SME Sector Update


SME loans typically range from AFN 250,000 to  AFN 5,000,000.

MISFA’s Small and Medium Enterprise (SME) Program was initiated in October 2006.[1]Under this Program, MISFA is developing SME lending by partnering with local financial institutions, including banks and microfinance institutions (MFIs).

The MISFA SME Program has provided training on the basics of SME lending to: 242 loan officers,49 managers of partner banks and MFIs and 65 employees of other financial institutions.

The MISFA SME Program engages implementing partners by offering:

  • Credit lines that would allow them to on-lend to qualified SMEs;
  • Guarantee arrangements designed to encourage partners to provide their own funds to lending;
  • Technical assistance to banks and MFIs at various levels e.g. training and mentoring SME loan officers; and
  • Advocacy for an adequate legal and regulatory environment supporting the SME financing sector.
SME Lending Results
The MISFA SME program is currently working with four partners, a commercial bank and three MFIs. It has previously worked with five additional banking and microfinance institutions.
Portfolio Highlights[2]
    Key Indicators March 31, 2020
Active SME borrowers 788
Total number of loans disbursed (cumulative) 36,950
Total value of loans disbursed (cumulative) AFN 19.44 billion
Loan outstanding AFN 1.54 billion
Partners have lent to a wide array of businesses across agricultural and non-agricultural production, as well as to the service and trade sectors.

SME Loans by Sector

  • Trade and Service: 57.0%
  • Handicrafts & Manufacturing: 33.9%
  • Agriculture and Livestock: 0.6%
  • Housing Loans and Others: 8.5%

Most loans have been disbursed in large provincial cities,  including Herat, Mazar, Jalalabad, and Kabul, but a significant  number of loans have also been  made in smaller localities such  as Kunduz, Faryab, Takhar, Jawzjan, Parwan, Baghlan,   Samangan, Bamyan, Badghees, Ghazni, Helmand, Kandahar, Kapisa, Nemroz, Saripul, and towns in Badakhshan.

SME clients come from a wide spectrum of enterprises. Among them are: physicians, who borrow to improve their health clinics, photo lab owners, entrepreneurs in the hotel/restaurant service industry, carpet producers, clothing retailers, wholesale food traders, petrol station operators, food manufacturers (e.g. candy, etc.).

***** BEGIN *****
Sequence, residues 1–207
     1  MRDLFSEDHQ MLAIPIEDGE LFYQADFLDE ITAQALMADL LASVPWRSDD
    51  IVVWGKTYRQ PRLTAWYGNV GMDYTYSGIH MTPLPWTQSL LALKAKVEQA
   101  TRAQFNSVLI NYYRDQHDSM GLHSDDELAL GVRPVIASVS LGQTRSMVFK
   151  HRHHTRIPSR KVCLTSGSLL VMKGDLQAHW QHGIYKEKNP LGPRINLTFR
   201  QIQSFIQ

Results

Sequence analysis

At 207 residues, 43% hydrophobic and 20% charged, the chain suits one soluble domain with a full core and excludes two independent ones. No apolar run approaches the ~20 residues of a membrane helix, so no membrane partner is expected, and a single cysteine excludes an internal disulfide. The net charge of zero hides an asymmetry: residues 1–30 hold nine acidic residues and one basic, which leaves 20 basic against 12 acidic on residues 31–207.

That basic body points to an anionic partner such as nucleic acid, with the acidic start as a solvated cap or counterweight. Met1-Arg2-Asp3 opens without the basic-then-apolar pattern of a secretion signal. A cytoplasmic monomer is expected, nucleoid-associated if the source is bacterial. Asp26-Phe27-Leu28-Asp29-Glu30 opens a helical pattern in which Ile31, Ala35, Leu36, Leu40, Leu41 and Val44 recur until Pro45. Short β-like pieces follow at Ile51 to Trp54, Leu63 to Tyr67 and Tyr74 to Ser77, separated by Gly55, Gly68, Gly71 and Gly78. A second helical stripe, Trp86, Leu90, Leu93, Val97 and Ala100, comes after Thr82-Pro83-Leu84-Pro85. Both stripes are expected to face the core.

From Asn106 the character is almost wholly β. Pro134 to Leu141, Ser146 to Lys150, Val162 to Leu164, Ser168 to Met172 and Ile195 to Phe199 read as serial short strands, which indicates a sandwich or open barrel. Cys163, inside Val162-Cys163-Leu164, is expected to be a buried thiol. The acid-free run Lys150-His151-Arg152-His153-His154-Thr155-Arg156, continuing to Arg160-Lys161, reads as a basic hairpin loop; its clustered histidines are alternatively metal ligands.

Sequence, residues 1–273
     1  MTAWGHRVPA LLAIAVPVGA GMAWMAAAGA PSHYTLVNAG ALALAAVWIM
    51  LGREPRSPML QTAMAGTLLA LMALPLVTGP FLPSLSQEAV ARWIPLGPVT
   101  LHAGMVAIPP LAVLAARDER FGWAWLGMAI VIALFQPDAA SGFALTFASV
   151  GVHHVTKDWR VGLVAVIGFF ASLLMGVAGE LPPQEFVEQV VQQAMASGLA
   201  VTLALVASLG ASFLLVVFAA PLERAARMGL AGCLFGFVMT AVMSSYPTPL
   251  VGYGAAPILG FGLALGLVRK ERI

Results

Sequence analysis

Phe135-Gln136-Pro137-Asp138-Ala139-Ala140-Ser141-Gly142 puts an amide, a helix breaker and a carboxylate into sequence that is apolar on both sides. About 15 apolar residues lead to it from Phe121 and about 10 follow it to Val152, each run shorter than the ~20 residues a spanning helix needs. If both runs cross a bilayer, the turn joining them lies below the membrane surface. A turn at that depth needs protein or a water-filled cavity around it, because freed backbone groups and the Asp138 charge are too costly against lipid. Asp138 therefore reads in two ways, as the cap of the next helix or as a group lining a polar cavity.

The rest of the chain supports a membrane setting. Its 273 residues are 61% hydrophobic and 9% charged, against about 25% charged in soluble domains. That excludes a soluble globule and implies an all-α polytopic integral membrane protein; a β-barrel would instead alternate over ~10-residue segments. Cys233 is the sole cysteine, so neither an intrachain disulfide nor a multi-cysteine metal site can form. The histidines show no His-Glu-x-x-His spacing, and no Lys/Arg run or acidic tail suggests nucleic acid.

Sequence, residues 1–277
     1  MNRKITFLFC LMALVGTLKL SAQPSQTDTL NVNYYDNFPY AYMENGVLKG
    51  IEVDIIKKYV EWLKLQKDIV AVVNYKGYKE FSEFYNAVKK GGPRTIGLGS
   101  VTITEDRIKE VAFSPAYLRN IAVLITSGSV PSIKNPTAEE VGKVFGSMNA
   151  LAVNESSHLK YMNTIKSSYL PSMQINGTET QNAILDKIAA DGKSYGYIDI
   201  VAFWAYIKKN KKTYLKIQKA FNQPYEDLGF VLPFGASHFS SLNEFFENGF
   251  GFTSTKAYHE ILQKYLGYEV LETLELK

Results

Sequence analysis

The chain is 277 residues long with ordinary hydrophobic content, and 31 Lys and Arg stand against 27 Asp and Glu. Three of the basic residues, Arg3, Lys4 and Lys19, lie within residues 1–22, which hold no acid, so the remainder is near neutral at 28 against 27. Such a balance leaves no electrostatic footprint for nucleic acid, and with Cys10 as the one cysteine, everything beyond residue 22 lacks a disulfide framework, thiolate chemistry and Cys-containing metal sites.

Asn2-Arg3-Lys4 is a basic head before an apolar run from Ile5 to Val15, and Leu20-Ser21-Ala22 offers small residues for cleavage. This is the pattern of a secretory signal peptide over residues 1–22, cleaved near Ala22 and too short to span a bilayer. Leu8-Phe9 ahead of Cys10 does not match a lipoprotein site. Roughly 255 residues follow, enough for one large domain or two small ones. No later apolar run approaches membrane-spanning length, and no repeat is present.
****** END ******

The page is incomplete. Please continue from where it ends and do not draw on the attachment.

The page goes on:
The SME Program will continue its efforts towards increasing the access of Afghan entrepreneurs to SME loans by facilitating the capacity building of existing and potential partners through technical assistance, as well as financial support (lines of credit or guarantee facilities).

At the moment, very few commercial banks have shown interest in developmental finance, with many focusing their activities on corporate financing and other investments inside and outside of Afghanistan. There is also a lack of enabling environment at the policy level to encourage commercial banks to engage in developmental finance.

Given these current challenges, MISFA will work closely with MFIs to establish small enterprise lending windows or strengthen their existing individual lending products serving the upper end of microfinance or lower end of SMEs. MISFA will also pursue working with the existing and potential new banking partners fostering a developmental finance mission in Afghanistan.



[1] It was originally created under the aegis of the USAID-funded Agriculture, Rural Investment and Enterprise Strengthening (ARIES) project.

[2]Includes data from MISFA partners’ SME and Small Enterprise Program (SEP) loan products.


The table below provides you SME data on monthly basis:






























December November October September
August July June May
April March February January


December November October September
August July June May
April March February January


December November October September
August July June May
April March February January


December November October September
August July June May
April March February January


December November October September
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